SMU Office of Research – The accounting fraud scandals that bankrupted Enron and WorldCom in 2001 and 2002 affected millions of employees and shareholders, eroded public confidence in corporations, and underscored the crucial role of good corporate governance in maintaining an efficient, honest financial system.
In well-governed companies, a sense of accountability and a clear understanding of roles and responsibilities keep operations running smoothly, making it easier to attract investors to finance further growth. Corporate governance mechanisms are often broadly divided into two categories: mechanisms internal to the company, such as the board of directors and the senior management team, and mechanisms external to the company, including shareholders, creditors, customers and suppliers.
The board of directors, to whom a company’s senior management is accountable, is considered a key internal governance mechanism. But much less is known about corporate governance mechanisms that operate closer to the ground, deeper within the company itself.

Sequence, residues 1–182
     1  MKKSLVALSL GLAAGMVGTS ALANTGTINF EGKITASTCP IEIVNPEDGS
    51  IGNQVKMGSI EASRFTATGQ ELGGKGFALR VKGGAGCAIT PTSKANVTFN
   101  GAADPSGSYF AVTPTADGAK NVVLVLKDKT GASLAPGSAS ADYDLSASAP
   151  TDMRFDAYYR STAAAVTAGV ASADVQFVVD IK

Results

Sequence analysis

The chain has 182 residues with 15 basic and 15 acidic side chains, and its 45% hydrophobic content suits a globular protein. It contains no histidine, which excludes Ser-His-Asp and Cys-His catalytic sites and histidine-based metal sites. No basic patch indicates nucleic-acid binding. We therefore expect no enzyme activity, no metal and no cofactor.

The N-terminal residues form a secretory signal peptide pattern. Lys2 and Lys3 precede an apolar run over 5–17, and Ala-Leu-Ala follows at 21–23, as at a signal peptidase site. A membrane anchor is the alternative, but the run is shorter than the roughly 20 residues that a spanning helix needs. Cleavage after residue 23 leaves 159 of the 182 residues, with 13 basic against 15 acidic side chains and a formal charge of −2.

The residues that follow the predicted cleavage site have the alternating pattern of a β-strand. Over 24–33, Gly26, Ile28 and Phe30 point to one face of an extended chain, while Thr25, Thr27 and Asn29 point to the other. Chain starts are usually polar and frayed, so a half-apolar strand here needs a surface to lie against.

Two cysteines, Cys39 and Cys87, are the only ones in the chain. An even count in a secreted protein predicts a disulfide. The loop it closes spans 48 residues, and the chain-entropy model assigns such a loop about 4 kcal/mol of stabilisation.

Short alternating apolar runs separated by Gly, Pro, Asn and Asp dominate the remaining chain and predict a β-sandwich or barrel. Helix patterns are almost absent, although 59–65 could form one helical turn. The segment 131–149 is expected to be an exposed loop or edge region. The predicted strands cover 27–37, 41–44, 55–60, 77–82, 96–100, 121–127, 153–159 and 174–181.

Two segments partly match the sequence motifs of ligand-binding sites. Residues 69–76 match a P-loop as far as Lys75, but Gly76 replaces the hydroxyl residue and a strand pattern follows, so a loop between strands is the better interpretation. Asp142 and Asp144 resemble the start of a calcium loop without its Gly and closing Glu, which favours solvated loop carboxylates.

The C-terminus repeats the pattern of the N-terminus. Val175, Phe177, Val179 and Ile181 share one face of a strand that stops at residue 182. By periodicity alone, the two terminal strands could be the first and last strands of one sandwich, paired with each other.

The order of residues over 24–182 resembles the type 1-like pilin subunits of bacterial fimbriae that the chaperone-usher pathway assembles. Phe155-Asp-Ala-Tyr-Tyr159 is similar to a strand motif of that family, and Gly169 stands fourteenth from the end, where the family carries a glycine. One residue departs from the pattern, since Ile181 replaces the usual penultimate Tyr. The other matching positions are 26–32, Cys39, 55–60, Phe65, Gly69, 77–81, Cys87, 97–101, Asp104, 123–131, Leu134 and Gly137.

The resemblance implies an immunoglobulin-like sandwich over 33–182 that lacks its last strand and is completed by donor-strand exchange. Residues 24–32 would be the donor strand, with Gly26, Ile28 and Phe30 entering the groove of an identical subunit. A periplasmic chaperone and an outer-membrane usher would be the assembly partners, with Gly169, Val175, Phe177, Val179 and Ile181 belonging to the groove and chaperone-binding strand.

“This lack of knowledge is an important omission because control is not just imposed from the top-down or from the outside, but also from the bottom-up,” says Assistant Professor Jimmy Lee from the Singapore Management University (SMU) School of Accountancy. Professor Lee is particularly interested in checks and balances that are imposed by a company’s senior management team itself, and in whether or not these contribute to the effectiveness of overall corporate governance.
Checks and balances from the bottom up
To address this gap in the literature, Professor Lee is working with Professors Cheng Qiang of SMU and Terry Shevlin of the University of California, Irvine to examine how key subordinate officials (defined as the top five highest-paid executives after the CEO) can influence the extent of real earnings management in US companies.
Real earnings management – the use of accounting techniques that deviate from normal business practices to present a better financial position to investors –often occupies a grey area between allowable practices, and manipulation or fraud.
Professor Lee and his colleagues obtained extensive archival data from S&P Capital IQ, a financial information provider which compiles data on senior management teams from annual proxy statements filed by S&P 1500 firms. The team used the number of years to retirement as an indicator of horizon incentives – how likely executives are to make decisions that are good for the company in the long-term – and the relative annual compensation to the CEO’s compensation as a measure of an executive’s influence within the company.
They found that as key subordinate executives’ horizon and influence increased, the extent of real earnings management in the company decreased. This suggests that members of the senior management have both the incentive and the ability to exert effective corporate governance.